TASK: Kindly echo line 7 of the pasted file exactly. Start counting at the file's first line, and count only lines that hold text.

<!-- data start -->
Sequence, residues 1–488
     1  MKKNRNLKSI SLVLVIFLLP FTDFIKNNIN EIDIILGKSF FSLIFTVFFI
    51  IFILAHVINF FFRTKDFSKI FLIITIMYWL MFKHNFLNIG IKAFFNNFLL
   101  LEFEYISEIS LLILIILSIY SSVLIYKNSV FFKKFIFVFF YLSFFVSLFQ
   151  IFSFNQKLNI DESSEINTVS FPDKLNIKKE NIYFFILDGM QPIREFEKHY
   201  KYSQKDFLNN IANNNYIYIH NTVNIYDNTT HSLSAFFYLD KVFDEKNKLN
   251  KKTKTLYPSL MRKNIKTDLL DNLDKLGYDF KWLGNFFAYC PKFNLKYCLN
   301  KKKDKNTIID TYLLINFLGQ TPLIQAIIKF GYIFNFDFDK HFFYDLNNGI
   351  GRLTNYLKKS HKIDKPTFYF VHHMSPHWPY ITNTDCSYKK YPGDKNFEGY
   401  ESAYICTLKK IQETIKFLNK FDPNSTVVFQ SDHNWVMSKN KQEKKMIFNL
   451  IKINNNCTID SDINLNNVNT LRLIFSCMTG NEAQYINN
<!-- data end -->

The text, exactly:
   251  KKTKTLYPSL MRKNIKTDLL DNLDKLGYDF KWLGNFFAYC PKFNLKYCLN